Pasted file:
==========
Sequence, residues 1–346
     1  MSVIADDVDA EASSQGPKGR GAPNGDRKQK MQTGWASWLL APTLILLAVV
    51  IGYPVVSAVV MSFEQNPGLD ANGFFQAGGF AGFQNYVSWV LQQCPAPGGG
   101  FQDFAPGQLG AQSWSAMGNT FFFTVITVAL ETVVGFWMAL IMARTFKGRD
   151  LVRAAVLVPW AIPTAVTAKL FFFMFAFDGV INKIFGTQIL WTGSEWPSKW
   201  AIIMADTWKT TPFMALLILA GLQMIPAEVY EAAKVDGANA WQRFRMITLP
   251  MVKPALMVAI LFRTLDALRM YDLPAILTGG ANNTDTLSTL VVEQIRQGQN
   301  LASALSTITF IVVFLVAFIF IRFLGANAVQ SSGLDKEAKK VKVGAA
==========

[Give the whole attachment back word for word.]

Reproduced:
Sequence, residues 1–346
     1  MSVIADDVDA EASSQGPKGR GAPNGDRKQK MQTGWASWLL APTLILLAVV
    51  IGYPVVSAVV MSFEQNPGLD ANGFFQAGGF AGFQNYVSWV LQQCPAPGGG
   101  FQDFAPGQLG AQSWSAMGNT FFFTVITVAL ETVVGFWMAL IMARTFKGRD
   151  LVRAAVLVPW AIPTAVTAKL FFFMFAFDGV INKIFGTQIL WTGSEWPSKW
   201  AIIMADTWKT TPFMALLILA GLQMIPAEVY EAAKVDGANA WQRFRMITLP
   251  MVKPALMVAI LFRTLDALRM YDLPAILTGG ANNTDTLSTL VVEQIRQGQN
   301  LASALSTITF IVVFLVAFIF IRFLGANAVQ SSGLDKEAKK VKVGAA